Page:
Magazine article The Exceptional Parent

Food for Thought: Helping Your Child on a Special Diet Eat Right

Magazine article The Exceptional Parent

Food for Thought: Helping Your Child on a Special Diet Eat Right

Article excerpt

Persuading a child to eat different and nutritious foods, whether or not the child has special health care needs, can be an exhausting and frustrating experience. However, you can help your child develop positive attitudes about nutritious foods.

Children learn best by example. Remember, your child wants to be like you. If the child sees you eating more salads, fruits and vegetables, he or she may want to do the same.

Listening to our kids

My bright, six-year-old son, Jeffrey, has phenylketonuria (PKU), a metabolic disease that requires him to follow a low-protein diet regimen. This means plenty of substitutions when his friends may be eating "funner" food. When a special diet is a life-long requirement, it is important that children develop a sense of responsibility for what they eat. At the same time, it is important to allow them to express their feelings about the diet. We can learn a lot by listening carefully.

For example, Jeffrey recently said to me, "Mom, I really liked the 'peanut butter' (actually a low-protein substitute) and jelly sandwich you put in my lunch box today." I realized that this sandwich was more than just a tasty lunch. I knew that it also boosted Jeffrey's self-esteem to be able to eat food that looked similar to that of his peers.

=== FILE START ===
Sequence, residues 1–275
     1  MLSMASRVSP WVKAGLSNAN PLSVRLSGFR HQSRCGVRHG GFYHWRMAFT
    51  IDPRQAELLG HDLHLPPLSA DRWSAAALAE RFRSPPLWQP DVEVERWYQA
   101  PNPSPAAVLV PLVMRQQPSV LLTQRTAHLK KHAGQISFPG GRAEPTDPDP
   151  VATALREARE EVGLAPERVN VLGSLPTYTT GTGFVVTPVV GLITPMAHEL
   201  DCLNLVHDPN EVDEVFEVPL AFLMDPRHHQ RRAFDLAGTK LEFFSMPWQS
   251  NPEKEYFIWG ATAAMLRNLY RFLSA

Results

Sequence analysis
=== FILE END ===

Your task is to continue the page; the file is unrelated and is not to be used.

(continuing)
Another time Jeffrey came home from school, sad and dragging, and said emphatically, "I don't like this diet!" Together, we figured out he was unhappy because he couldn't eat a hamburger. Regular hamburgers had too much protein, but together we came up with an acceptable substitute--low-protein mushroom burgers. As parents, we have to follow medical advice, but we can still learn to listen to our children and creatively manage their diets. Children appreciate being able to express their feelings openly and having their needs treated respectfully.

A voice and a choice

Parents can reinforce a sense of responsibility in children by giving them a voice and a choice in matters that affect them. Severely restricting your child without explanation can lead to immaturity and rebellion. Children will accept "rules" more readily when explanations are given. Although health conditions may limits ome options, we can help children accept inevitable choices gracefully. …

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